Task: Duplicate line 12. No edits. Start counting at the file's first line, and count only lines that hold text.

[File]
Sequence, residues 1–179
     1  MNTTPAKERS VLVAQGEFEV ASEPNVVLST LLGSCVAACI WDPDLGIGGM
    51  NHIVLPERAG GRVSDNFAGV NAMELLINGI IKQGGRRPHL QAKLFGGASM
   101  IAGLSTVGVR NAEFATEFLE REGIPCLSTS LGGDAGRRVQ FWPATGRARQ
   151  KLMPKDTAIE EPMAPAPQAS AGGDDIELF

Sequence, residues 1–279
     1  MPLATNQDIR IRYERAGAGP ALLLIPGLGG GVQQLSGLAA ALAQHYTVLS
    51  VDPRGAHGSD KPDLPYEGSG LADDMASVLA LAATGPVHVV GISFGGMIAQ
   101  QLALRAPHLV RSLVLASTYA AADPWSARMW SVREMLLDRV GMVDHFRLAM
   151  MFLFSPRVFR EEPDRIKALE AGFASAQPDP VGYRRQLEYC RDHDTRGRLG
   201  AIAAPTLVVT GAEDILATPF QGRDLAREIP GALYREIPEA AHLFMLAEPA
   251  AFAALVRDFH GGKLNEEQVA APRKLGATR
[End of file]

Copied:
   251  AFAALVRDFH GGKLNEEQVA APRKLGATR